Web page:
Risk Adjustment May Lessen Penalties On Hospitals Treating Complex Cardiac Patients Under Medicares Bundled Payments
Author: Adam Markovitz, Chandy Ellimoottil, Devraj Sukul, Samyukta Mullangi, Lena Chen, Brahmajee Nallamothu, Andrew Ryan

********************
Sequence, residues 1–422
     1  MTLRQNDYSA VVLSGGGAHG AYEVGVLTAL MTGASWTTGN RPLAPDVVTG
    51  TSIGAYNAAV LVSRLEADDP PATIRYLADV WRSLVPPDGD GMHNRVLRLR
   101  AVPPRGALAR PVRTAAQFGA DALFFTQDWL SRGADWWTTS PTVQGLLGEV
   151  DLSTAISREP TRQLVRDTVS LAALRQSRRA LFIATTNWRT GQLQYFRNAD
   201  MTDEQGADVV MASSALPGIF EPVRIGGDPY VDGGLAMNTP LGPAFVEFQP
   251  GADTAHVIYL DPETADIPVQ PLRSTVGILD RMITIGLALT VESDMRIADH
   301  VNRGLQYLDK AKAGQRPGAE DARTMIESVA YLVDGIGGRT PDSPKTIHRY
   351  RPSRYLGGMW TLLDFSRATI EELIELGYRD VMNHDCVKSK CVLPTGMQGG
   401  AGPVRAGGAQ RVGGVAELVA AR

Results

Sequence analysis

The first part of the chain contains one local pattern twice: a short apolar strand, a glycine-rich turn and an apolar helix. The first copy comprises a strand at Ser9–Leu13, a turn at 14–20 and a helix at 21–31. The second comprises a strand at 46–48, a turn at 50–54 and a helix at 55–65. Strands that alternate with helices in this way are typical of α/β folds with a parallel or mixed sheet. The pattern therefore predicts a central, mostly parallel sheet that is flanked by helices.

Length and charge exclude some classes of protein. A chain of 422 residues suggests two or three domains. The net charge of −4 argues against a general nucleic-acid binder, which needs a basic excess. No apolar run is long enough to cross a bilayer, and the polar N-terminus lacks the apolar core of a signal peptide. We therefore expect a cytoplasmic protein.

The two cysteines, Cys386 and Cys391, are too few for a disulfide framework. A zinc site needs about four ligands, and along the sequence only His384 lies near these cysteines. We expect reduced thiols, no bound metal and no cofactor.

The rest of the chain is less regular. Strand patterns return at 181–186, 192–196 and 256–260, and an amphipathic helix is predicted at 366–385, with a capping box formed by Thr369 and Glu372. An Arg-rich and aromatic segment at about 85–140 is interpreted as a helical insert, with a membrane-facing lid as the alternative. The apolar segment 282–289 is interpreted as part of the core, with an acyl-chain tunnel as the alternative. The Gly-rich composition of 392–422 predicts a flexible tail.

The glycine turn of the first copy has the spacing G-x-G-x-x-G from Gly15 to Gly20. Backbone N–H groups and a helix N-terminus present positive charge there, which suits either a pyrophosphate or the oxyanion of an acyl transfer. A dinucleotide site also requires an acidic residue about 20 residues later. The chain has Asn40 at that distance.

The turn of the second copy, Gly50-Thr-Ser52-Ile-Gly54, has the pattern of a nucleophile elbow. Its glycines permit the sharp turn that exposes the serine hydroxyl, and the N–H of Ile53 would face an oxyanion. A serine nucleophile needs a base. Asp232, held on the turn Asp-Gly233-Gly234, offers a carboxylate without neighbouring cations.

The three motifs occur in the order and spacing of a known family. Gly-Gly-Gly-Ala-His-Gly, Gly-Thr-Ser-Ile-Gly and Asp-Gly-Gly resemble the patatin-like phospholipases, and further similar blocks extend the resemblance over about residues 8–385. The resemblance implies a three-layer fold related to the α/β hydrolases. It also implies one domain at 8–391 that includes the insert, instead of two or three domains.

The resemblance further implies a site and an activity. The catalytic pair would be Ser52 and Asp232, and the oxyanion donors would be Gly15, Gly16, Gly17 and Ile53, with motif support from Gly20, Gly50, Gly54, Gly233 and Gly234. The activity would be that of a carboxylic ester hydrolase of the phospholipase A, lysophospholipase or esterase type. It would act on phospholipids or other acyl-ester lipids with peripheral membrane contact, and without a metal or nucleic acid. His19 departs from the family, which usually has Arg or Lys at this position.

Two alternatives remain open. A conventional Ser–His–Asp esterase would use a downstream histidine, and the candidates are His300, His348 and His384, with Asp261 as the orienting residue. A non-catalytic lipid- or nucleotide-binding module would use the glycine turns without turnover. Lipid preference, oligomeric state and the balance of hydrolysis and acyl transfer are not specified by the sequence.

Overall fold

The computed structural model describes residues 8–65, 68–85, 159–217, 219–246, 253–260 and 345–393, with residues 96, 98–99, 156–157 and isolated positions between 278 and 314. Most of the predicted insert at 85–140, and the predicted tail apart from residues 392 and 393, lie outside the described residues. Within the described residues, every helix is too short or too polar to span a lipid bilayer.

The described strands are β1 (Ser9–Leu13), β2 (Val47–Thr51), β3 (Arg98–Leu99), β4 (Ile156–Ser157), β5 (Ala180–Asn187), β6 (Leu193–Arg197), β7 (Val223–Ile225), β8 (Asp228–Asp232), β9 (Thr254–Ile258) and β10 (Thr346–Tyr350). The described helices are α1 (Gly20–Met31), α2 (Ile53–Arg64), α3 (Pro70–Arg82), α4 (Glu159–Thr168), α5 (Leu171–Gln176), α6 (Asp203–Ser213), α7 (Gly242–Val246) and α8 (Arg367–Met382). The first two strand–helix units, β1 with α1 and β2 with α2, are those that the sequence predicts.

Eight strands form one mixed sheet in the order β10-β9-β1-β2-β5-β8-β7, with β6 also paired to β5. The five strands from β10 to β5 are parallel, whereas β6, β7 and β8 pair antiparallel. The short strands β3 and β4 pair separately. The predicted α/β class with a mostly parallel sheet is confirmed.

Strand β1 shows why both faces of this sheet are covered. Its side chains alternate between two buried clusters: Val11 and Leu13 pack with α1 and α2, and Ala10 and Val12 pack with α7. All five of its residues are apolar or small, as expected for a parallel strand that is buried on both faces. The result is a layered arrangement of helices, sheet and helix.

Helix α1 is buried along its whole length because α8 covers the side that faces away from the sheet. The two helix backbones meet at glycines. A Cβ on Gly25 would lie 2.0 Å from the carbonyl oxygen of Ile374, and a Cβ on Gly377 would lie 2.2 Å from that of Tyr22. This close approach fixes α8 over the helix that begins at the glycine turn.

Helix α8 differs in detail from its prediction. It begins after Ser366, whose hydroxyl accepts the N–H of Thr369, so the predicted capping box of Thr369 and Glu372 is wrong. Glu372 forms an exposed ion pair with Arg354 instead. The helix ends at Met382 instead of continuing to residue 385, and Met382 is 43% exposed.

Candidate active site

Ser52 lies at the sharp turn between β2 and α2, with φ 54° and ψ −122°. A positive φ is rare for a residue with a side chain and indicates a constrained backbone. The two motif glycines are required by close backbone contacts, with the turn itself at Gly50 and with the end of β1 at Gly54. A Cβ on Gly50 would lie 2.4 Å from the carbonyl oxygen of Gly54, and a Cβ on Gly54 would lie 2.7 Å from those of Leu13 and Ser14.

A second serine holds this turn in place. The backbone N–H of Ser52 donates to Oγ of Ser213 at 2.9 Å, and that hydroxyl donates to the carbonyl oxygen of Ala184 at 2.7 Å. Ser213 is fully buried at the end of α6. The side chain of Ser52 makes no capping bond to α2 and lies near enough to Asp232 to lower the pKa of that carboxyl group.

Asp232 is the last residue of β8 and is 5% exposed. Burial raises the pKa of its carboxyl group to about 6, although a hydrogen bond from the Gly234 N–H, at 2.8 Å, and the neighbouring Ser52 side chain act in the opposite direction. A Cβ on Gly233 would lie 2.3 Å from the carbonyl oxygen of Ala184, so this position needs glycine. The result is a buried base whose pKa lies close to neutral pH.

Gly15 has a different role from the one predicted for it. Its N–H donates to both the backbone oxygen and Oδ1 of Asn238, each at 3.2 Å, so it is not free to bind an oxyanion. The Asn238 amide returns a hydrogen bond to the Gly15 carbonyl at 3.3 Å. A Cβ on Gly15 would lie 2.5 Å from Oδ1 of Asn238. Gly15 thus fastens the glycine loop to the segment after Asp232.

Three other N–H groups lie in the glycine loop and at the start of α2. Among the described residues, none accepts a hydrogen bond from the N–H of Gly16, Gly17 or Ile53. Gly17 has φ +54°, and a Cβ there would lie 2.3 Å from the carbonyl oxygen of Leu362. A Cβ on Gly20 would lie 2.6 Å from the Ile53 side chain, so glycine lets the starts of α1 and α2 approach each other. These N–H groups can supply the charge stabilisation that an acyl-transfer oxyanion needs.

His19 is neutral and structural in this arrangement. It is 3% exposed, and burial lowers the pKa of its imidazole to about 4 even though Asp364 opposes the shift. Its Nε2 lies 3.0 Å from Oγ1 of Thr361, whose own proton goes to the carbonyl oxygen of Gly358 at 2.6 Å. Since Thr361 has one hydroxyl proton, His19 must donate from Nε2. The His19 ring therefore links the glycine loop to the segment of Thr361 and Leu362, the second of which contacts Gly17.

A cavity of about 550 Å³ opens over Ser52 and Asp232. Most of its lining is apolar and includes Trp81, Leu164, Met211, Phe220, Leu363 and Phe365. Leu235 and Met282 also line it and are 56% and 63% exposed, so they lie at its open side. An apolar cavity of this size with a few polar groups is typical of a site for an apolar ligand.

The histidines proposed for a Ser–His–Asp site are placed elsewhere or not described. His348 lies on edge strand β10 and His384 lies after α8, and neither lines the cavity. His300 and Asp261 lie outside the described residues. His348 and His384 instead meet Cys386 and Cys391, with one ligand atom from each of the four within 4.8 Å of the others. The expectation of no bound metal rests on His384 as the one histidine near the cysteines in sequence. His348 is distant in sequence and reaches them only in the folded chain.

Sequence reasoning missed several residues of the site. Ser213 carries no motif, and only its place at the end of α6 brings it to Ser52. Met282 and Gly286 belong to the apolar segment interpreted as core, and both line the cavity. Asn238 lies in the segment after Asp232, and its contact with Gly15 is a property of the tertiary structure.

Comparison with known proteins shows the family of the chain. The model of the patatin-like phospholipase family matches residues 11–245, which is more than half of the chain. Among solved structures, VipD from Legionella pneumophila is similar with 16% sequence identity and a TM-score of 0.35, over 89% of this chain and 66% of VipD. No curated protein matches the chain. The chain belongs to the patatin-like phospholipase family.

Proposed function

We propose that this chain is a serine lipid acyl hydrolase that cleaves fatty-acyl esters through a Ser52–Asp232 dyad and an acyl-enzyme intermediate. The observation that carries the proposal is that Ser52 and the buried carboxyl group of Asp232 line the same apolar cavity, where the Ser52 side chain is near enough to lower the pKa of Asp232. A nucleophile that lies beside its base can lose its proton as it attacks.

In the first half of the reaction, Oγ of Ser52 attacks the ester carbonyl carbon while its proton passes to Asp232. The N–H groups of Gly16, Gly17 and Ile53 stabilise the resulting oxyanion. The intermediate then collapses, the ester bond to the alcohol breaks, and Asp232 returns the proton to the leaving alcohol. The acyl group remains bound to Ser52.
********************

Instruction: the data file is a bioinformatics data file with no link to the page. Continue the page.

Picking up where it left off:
To reduce variation in spending, Medicare has considered implementing a cardiac bundled payment program for acute myocardial infarction and coronary artery bypass graft. Because the proposed program does not account for patient risk factors when calculating hospital penalties or rewards (“reconciliation payments”), it might unfairly penalize certain hospitals. We estimated the impact of adjusting for patients’ medical complexity and social risk on reconciliation payments for Medicare beneficiaries hospitalized for the two conditions in the period 2011–13. Average spending per episode was $29,394. Accounting for medical complexity substantially narrowed the gap in reconciliation payments between hospitals with high medical severity (from a penalty of $1,809 to one of $820, or a net reduction of $989), safety-net hospitals (from a penalty of $217 to one of $87, a reduction of $130), and minority-serving hospitals (from a penalty of $70 to a reward of $56, an improvement of $126) and their counterparts. Accounting for social risk alone narrowed these gaps but had minimal incremental effects after medical complexity was accounted for. Risk adjustment may preserve incentives to care for patients with complex conditions under Medicare bundled payment programs.